America Is Stuck With the Death Penalty for (At Least) a Generation

With Justice Anthony Kennedy's retirement, the national fight to abolish capital punishment will have to go local.
When the Supreme Court revived capital punishment in 1976, just four years after de facto abolishing it, the justices effectively took ownership of the American death penalty and all its outcomes. They have spent the decades since then setting its legal and constitutional parameters, supervising its general implementation, sanctioning its use in specific cases, and brushing aside concerns about its many flaws.
That unusual role in the American legal system is about to change. With Justice Anthony Kennedy’s retirement from the court this summer, the Supreme Court will lose a heterodox jurist whose willingness to cross ideological divides made him the deciding factor in many legal battles. In cases involving the Eighth Amendment’s prohibition against cruel and unusual punishment, his judgment often meant the difference between life and death for hundreds of death-row pr…

UAE: Verdict in boy’s rape and murder case on November 27

Abu Dhabi courts
Boy’s father tells court that he wants death penalty for the accused

ABU DHABI: The Abu Dhabi Criminal Court will pronounce its final judgement in the rape and murder case of an 11-year-old boy on November 27.

Hearing in the case against the Pakistani man accused of raping and killing his nephew during Ramadan resumed on Tuesday.

The presiding judge of the Abu Dhabi Criminal Court asked the boy’s father whether he would like to press for punishment for the accused instead of the death penalty, and the father responded, “No, I want death sentence for the killer of my son”.

The boy, Azan Majid Janjua, went missing in the last week of May and his body was found on his building’s rooftop on the morning of May 30 when an AC technician went to the area to check a malfunctioning chiller.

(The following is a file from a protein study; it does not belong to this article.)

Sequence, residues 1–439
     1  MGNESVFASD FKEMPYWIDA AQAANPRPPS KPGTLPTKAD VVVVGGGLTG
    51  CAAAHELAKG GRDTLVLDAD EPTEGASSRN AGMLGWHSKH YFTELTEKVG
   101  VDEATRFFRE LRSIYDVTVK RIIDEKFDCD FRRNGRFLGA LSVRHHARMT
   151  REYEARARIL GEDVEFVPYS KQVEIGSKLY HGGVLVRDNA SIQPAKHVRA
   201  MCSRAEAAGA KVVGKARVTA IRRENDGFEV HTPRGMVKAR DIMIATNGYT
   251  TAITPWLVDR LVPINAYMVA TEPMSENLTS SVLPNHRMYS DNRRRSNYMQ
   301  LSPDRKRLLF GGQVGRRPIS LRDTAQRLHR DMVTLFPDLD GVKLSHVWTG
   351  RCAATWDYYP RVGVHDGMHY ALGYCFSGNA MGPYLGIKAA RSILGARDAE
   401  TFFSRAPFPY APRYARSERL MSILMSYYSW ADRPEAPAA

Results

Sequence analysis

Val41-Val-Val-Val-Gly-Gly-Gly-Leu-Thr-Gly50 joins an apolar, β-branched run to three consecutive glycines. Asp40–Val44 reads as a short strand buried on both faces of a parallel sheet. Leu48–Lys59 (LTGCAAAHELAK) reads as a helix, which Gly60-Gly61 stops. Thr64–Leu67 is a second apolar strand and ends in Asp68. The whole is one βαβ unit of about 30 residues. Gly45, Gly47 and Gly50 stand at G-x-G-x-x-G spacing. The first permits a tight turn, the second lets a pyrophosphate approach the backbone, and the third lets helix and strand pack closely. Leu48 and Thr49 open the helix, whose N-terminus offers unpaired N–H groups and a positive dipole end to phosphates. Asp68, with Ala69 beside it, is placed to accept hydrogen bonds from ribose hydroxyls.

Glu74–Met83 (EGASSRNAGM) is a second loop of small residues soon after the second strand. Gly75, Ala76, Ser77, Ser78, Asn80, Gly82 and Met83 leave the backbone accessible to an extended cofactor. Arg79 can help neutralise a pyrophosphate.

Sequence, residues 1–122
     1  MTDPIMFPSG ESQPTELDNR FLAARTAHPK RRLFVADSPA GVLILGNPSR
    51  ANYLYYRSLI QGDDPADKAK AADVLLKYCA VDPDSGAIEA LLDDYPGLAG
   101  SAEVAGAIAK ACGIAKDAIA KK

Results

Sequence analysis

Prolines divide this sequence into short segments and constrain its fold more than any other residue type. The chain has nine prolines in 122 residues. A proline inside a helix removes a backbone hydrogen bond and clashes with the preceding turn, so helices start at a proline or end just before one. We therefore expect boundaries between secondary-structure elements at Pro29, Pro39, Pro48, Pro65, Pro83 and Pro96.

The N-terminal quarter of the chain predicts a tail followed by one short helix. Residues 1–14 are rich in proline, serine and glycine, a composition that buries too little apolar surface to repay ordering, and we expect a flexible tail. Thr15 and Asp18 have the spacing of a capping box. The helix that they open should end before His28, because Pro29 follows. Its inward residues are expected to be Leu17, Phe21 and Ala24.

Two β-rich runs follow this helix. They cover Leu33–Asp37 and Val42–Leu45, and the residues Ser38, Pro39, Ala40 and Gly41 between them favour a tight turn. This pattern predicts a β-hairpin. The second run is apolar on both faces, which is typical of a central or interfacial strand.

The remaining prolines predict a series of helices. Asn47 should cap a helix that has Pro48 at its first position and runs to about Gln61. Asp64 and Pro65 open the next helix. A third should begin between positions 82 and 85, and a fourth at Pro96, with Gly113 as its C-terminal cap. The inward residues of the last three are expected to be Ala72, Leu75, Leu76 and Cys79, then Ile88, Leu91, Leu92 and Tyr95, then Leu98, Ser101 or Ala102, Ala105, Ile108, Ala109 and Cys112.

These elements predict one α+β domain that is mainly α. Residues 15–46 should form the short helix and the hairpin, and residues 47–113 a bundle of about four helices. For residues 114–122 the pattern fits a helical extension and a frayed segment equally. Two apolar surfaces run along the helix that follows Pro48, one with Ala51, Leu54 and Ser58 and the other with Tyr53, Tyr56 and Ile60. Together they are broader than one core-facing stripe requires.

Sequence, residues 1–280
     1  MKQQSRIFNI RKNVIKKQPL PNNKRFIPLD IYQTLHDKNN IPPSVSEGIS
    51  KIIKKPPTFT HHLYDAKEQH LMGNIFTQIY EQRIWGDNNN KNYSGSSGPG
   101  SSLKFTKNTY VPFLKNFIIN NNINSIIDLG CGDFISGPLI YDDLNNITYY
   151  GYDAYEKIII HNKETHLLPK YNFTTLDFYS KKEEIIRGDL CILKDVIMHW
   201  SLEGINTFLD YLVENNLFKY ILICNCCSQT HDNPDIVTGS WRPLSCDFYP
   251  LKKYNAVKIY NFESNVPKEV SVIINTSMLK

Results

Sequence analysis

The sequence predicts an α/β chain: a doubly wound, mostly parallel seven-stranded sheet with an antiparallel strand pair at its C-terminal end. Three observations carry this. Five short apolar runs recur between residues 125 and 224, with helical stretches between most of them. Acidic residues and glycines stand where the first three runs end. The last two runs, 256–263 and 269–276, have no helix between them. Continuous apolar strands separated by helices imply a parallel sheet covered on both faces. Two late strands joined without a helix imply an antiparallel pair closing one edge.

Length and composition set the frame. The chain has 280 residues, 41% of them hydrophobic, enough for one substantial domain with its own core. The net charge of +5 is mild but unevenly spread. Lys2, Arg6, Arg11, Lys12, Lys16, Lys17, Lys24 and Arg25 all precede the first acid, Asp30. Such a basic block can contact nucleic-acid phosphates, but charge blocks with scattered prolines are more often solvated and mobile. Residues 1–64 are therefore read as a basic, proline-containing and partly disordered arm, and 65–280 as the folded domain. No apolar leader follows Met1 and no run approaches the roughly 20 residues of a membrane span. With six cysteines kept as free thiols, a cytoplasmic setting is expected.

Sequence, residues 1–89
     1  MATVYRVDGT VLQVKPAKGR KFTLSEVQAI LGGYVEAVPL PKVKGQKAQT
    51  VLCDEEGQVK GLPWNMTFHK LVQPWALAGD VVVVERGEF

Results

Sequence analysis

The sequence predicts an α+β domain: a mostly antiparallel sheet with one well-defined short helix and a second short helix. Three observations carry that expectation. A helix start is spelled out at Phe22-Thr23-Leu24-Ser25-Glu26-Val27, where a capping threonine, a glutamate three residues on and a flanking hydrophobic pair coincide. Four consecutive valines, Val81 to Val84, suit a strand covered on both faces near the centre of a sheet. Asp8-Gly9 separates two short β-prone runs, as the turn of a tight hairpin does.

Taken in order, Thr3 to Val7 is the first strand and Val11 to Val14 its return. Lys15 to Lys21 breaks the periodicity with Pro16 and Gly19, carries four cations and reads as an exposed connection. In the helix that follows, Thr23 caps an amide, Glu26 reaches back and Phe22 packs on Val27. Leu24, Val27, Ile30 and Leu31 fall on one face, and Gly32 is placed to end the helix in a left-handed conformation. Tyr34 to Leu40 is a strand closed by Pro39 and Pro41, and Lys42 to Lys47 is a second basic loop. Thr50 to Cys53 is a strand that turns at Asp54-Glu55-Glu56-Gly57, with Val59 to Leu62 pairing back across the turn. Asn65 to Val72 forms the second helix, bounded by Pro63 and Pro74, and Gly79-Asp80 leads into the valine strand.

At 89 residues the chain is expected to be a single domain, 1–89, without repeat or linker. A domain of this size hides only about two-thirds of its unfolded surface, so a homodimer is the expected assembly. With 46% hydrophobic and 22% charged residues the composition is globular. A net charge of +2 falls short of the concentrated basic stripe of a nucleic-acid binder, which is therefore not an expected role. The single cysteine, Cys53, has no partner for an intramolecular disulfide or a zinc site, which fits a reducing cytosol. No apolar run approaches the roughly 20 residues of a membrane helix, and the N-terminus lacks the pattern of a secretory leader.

The court heard repeated claims by the defence lawyer of his client being wrongly framed by CID police of Abu Dhabi and Public Prosecutors.

In the past five hearing sessions, the accused and his counsel failed to produce any concrete evidence to prove the former’s innocence while the CID officers and prosecutors produced evidence including CCTV footage, a mental evaluation report and video recordings.

On Tuesday, the presiding judge asked the accused for his submissions in the case. The accused responded, “The CID officers recorded [my] statements and video under duress. They slapped me so hard that one of my teeth broke.”

The accused said the police fabricated evidence: “I didn’t wear an abaya to disguise my identity but the police forced me to wear [one] after which they videographed me.” He denied claims by Public Prosecution and CID [of his involvement in the killing].

In response to the judge’s inquiry of any more submissions, the accused said he wanted to meet with the boy’s parents and was told by the judge that he would have to make a formal request through the jail authorities and the Public Prosecution and that the court had nothing to do with that.

Hassan Mattar Al Riyami, the defence counsel appointed by the court, requested the judge to re-consider the defendant’s case, claiming that the accused had been wrongly implicated.

Al Riyami told the court on Tuesday that the defendant was not in Abu Dhabi at the time of the crime but was at his workplace in Musaffah on the outskirts of Abu Dhabi. All narratives of the Public Prosecution, he said, were based on the observations of the building security guards and people’s speculation as nobody was present at the scene of the crime.

Al Riyami insisted that his client was innocent and be freed of all charges. He also urged the parents to opt for punishment for the accused instead of demanding death penalty.

Dr Majid Janjua [father of Azan] had told Gulf News earlier that Azan was fasting and had gone to the mosque for afternoon prayers and Quran recitation and then went missing. Some neighbours saw the boy returning from the mosque but he never reached home.

Azan was Dr Janjua’s first son born to his first wife whom he met while studying medicine in Russia. As part of a mutual agreement between parents, Azan started living with his father around two-and-a-half years ago.

The boy’s father is a Pakistani and mother a Russian. The mother, who used to visit her son in Abu Dhabi, was in the city when the tragedy occurred.

In the previous hearing, the prosecutor asked the court to impose death penalty on the accused who they termed as a “merciless beast”.

Source: Gulf News, October 31, 2017

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but by the punishments that the good have inflicted." -- Oscar Wilde

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